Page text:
Before someone is able to join a small group, they are expected to read and sign the Small Group Covenant. It’s important that prospective members understand why we have them sign this document and just how necessary it is.
As Mark Dever explains in his book The Deliberate Church, “The form of the covenant is the way we express our commitment. The content of the covenant is the way we understand our commitment.” The Small Group Covenant ensures that each prospective small group member knows what to expect of their small group and what their small group will expect of them. Thus, the Small Group Covenant acts as a safeguard for each of our small groups. It communicates to prospective members that we take small groups seriously, it helps create an environment of mutual accountability, and it emphasizes the importance of biblical conduct and responsibility within each small group.
There is certainly biblical precedent for covenanting with other believers under God in this way. Nehemiah 8-10is a great example of such a covenant. After a time of repentance and renewal in Israel in response to the hearing of God’s Word, Nehemiah 9:38 says this, “Because of all this we make a firm covenant in writing; on the sealed document are the names of our princes our Levites, and our priests.” Nehemiah 10:1-27 then records each of the names of those involved in the covenant and 10:28-39 lists the covenantal obligations. These obligations defined which areas of their lives required specific commitments. Their covenant tackled issues related to marriage, temple worship, and observing the Sabbath. The final words of this chapter offer up a concise summary of the significance of their covenant, “We will not neglect the house of our God.” Similarly, when a small group member commits to the Small Group Covenant, they are in effect saying, “We will not neglect our church small group.”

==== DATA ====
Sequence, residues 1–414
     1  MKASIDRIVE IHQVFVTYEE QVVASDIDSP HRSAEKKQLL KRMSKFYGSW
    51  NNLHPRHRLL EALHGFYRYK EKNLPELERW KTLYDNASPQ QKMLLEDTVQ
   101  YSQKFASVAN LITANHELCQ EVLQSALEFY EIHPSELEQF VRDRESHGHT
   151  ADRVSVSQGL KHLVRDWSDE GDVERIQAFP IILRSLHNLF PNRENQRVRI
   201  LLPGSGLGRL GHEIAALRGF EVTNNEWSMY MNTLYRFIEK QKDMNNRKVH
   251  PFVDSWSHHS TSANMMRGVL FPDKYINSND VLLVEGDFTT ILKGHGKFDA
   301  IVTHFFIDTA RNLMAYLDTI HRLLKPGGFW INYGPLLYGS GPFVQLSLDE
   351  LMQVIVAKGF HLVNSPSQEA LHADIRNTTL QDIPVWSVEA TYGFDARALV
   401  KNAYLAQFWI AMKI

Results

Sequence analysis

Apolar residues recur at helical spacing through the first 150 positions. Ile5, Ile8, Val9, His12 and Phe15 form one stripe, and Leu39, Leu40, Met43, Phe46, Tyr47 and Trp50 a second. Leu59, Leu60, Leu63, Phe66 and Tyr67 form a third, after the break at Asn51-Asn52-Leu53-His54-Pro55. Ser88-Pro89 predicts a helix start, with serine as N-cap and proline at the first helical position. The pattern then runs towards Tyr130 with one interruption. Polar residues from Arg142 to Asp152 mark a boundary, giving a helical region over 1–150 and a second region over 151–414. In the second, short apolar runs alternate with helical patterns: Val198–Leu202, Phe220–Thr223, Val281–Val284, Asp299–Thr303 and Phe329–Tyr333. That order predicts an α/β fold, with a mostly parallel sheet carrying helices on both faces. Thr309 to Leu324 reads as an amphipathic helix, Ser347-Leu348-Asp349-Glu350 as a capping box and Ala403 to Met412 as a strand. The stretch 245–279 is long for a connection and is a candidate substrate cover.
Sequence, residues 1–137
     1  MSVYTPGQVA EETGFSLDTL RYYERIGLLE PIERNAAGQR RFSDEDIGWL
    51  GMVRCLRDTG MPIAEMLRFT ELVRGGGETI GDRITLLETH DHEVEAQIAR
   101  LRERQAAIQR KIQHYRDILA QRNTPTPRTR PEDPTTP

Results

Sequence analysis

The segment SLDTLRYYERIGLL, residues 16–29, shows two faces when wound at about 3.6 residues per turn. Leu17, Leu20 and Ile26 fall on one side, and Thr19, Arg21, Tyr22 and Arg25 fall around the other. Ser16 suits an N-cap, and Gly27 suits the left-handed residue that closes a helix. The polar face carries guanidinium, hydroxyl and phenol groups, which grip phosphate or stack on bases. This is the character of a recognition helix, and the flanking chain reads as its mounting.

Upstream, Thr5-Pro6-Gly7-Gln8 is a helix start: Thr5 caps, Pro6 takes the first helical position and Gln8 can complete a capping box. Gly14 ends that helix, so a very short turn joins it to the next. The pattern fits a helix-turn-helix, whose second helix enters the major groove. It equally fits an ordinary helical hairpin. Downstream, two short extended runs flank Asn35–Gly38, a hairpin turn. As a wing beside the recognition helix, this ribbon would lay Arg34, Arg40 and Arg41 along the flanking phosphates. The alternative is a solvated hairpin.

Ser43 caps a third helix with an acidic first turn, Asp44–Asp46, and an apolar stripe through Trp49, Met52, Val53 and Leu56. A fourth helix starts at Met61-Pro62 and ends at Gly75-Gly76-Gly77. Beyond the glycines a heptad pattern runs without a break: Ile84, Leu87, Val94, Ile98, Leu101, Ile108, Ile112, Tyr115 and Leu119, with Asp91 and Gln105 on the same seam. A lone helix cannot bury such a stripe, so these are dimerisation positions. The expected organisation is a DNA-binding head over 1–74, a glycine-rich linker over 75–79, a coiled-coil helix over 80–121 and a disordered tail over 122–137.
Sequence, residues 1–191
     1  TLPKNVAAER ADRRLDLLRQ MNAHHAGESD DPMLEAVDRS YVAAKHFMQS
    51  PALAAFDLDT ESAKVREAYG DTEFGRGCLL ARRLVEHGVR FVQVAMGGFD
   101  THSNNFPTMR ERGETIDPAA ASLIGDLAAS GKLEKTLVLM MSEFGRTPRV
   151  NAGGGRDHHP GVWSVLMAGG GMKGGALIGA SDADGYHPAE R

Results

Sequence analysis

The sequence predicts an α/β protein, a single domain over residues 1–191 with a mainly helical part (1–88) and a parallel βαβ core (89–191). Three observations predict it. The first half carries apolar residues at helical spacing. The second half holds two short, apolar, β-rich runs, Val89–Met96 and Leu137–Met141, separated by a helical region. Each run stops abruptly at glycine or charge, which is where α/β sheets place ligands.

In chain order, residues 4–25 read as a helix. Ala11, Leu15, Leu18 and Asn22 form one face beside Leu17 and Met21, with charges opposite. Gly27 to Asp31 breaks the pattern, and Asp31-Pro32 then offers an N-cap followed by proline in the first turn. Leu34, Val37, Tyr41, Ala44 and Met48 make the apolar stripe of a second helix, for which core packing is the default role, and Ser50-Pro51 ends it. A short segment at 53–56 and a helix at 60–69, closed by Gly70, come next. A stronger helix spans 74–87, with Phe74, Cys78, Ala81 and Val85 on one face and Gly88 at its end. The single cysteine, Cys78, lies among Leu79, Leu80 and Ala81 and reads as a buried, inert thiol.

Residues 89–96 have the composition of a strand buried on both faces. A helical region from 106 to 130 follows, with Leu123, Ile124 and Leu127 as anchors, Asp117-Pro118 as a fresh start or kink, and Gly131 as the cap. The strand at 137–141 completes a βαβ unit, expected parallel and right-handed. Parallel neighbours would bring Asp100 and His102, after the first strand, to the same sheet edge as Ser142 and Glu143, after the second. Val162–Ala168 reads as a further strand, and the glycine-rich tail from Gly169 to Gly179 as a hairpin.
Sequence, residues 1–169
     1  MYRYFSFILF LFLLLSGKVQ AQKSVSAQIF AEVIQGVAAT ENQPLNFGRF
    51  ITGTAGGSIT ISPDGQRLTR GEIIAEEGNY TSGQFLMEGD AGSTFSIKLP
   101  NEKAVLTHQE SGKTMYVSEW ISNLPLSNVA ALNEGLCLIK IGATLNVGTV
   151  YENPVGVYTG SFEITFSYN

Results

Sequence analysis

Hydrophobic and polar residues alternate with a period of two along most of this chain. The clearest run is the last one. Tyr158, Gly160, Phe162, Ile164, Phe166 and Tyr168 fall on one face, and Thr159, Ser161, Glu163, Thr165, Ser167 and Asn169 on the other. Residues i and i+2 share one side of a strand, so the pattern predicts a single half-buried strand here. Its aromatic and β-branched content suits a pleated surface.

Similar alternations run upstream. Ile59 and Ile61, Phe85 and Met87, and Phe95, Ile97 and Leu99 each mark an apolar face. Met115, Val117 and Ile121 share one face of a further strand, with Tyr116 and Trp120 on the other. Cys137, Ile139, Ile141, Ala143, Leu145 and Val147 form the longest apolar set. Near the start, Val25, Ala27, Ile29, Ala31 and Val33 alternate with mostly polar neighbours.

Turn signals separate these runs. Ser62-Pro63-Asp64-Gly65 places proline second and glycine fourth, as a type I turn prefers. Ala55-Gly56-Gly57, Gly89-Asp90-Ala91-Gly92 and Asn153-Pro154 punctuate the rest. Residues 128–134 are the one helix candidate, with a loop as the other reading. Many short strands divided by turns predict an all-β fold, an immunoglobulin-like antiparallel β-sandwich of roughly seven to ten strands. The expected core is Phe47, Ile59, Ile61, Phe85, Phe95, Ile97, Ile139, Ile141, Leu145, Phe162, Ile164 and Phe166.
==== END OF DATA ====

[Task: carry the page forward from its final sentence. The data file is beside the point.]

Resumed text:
Another example of a believer covenanting with another believer is found in 1 Samuel 18:1-5. Because Jonathan’s love for David was so strong, verse 3 says, “Then Jonathan made a covenant with David, because he loved him as his own soul.” You see, covenanting with other believers in a small group is really an act of love. Taking part in times of fellowship, Bible study, mutual ministry, accountability, and outreach with other believers should be motivated by a love for God and a love for neighbour.
The Small Group Covenant is one of your greatest assets as a leader. I would encourage you to bring it out on a regular basis, perhaps at the start of every new curriculum. Use it to remind each of your small group members of the commitments that they have made with each other and to nurture and promote quality discipleship within your group. You can download a copy of the Small Group Covenant here.
You are loved!
Dever, Mark, and Alexander Paul Alexander. The Deliberate Church: Building Your Ministry on the Gospel. Wheaton, Illinois: Crossway, 2005.
Hammett, John S. Biblical Foundations for Baptist Churches. Grand Rapids, Michigan: Kregel Publications, 2005.
Small Group Leadership 201. Chicago, Illinois. Harvest Bible Chapel.